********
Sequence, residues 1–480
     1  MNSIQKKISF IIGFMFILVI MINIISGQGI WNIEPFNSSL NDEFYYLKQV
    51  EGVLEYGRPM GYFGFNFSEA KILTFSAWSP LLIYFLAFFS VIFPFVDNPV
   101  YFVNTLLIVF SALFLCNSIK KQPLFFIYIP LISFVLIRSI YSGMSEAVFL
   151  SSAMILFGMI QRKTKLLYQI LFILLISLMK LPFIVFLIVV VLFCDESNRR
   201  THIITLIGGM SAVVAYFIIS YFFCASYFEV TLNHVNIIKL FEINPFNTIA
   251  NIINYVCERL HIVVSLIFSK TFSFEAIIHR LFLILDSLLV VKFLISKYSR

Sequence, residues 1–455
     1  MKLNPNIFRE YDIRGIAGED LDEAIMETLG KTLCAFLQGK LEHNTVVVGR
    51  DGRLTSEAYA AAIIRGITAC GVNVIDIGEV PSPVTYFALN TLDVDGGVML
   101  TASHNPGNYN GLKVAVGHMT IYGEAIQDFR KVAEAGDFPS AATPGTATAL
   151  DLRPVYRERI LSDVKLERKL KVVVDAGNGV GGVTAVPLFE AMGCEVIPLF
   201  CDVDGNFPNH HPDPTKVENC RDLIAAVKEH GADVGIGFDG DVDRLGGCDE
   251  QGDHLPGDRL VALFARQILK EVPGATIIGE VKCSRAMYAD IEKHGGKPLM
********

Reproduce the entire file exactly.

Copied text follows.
Sequence, residues 1–480
     1  MNSIQKKISF IIGFMFILVI MINIISGQGI WNIEPFNSSL NDEFYYLKQV
    51  EGVLEYGRPM GYFGFNFSEA KILTFSAWSP LLIYFLAFFS VIFPFVDNPV
   101  YFVNTLLIVF SALFLCNSIK KQPLFFIYIP LISFVLIRSI YSGMSEAVFL
   151  SSAMILFGMI QRKTKLLYQI LFILLISLMK LPFIVFLIVV VLFCDESNRR
   201  THIITLIGGM SAVVAYFIIS YFFCASYFEV TLNHVNIIKL FEINPFNTIA
   251  NIINYVCERL HIVVSLIFSK TFSFEAIIHR LFLILDSLLV VKFLISKYSR

Sequence, residues 1–455
     1  MKLNPNIFRE YDIRGIAGED LDEAIMETLG KTLCAFLQGK LEHNTVVVGR
    51  DGRLTSEAYA AAIIRGITAC GVNVIDIGEV PSPVTYFALN TLDVDGGVML
   101  TASHNPGNYN GLKVAVGHMT IYGEAIQDFR KVAEAGDFPS AATPGTATAL
   151  DLRPVYRERI LSDVKLERKL KVVVDAGNGV GGVTAVPLFE AMGCEVIPLF
   201  CDVDGNFPNH HPDPTKVENC RDLIAAVKEH GADVGIGFDG DVDRLGGCDE
   251  QGDHLPGDRL VALFARQILK EVPGATIIGE VKCSRAMYAD IEKHGGKPLM